We're excited and proud to launch Thingiverse Apps. Learn More about what this means to you.
An assembly that takes a standard rotary encoder and adds the ability to sense when the encoder is pushed in 4 directions. It also supports a center button if it is built in to the rotary encoder without activating any of the other directions.
It does this by having a disc that holds the rotary encoder balance on a cone in the bottom holder. This will allow it to rotate along the X and Y axis enough to push buttons on the top of the assembly.
This is the first part I designed to be printed and is for a small raspberry pi and xbmc based kitchen radio/viewer so most functions could be performed with one knob.
Rotary Encoder: PEC11-4220F-S0024, Newark #02J2850
I'm not sure what the part number is for the push buttons used, but they have a base of 6.5mm squared and the full height with the button not pressed is 5.0mm. The lower limit of the switch makes the height 4.75mm
Print all three parts. Depending on your printer, you may need to clean up the parts to make sure there are no stringers and the surfaces are smooth. When I printed the center rotary encoder holder, I could not get the bottom indent to print correctly, so I corrected it with a dremel. Assemble the parts temprarily to make sure the center holder can move up, down, left, and right, but not rotate along the Z axis.
Attach four small push buttons to the bottom of the lid. I used hot glue in this case, which seems to work well so far. Make sure leads are point out.
Solder wires on the rotary encoder and feed the wires through the holes in the holder. Glue in place.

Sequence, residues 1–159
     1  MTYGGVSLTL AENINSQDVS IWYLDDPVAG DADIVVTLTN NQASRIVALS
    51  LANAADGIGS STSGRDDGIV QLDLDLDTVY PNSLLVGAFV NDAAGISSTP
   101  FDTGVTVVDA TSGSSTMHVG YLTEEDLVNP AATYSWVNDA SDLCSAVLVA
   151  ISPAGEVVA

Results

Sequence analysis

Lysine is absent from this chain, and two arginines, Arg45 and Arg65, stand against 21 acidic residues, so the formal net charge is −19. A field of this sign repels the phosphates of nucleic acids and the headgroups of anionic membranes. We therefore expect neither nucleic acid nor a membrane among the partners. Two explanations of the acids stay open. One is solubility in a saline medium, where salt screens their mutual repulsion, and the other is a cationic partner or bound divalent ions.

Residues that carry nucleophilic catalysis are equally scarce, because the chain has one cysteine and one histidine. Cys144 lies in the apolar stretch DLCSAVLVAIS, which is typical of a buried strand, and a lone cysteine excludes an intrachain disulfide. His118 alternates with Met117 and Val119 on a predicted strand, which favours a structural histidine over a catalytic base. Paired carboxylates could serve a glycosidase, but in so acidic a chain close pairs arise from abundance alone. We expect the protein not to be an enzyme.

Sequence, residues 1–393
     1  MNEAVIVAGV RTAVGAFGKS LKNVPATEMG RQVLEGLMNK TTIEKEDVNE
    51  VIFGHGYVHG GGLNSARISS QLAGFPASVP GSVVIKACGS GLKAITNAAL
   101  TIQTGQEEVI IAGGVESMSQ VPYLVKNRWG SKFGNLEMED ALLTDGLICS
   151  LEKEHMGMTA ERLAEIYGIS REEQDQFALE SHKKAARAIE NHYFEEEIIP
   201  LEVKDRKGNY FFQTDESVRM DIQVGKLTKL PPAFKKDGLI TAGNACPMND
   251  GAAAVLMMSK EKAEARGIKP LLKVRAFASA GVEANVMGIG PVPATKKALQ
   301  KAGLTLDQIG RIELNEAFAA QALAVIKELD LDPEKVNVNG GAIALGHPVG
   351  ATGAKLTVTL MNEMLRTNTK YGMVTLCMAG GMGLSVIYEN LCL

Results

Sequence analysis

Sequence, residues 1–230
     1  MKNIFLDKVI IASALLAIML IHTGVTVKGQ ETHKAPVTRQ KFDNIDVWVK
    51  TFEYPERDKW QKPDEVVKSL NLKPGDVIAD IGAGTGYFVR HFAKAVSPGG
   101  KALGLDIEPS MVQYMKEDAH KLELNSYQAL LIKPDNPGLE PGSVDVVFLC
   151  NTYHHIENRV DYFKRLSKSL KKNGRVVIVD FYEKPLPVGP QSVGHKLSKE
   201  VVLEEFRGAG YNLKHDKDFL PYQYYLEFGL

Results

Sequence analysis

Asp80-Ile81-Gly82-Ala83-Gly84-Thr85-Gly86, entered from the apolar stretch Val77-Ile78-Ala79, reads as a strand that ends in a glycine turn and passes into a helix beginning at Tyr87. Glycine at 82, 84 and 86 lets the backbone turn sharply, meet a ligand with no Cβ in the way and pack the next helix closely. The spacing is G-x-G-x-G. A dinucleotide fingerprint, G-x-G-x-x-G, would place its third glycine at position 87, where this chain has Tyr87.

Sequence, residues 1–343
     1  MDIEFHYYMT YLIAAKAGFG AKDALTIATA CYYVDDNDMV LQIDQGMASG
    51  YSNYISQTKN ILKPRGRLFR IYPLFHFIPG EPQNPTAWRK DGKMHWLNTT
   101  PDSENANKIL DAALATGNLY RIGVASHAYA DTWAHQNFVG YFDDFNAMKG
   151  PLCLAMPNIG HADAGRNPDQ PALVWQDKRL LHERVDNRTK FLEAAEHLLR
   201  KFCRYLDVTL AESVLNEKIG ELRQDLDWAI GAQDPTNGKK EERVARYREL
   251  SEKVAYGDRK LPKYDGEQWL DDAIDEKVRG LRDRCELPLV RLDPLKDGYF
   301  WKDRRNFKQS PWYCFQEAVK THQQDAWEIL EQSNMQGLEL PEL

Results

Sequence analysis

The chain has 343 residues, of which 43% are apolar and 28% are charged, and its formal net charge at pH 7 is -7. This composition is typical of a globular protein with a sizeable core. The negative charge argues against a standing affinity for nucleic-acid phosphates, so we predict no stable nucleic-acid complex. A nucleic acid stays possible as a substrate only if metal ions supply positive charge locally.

Feed the encoder's wires through the holes in the bottom container and make sure the holder can still move. It may help putting a layer of masking tape between the bottom container and the holder. This will make the holder stay center and provide a better feel in the completed unit.
Attach the top to the bottom container using 4x M3x20 screws and nuts. The holes may need to be drilled a bit wider if the print was not accurate.
Finally, solder wires to the four push buttons and connect them to your board as you would any other switch. You should now feel satisfying clicks when moving the encoder up down left and right. If it is too tight, you can place washers between the bottom and top components until you get all four buttons in the open state when not pushing the encoder.
Enjoy and happy hacking!
Rotary Encoder D-Pad by leonexis is licensed under the Creative Commons - Attribution - Share Alike license.
So what's this mean?
We're sure leonexis would love to see what you've printed - take a photo and share it on Thingiverse as a Make.
To post a Make simply visit this Thing again and click I Made One to start uploading your photo. You can also download the Thingiverse Mobile app (available via Google Play and Apple App Store) to take a photo and upload your Make right from the app!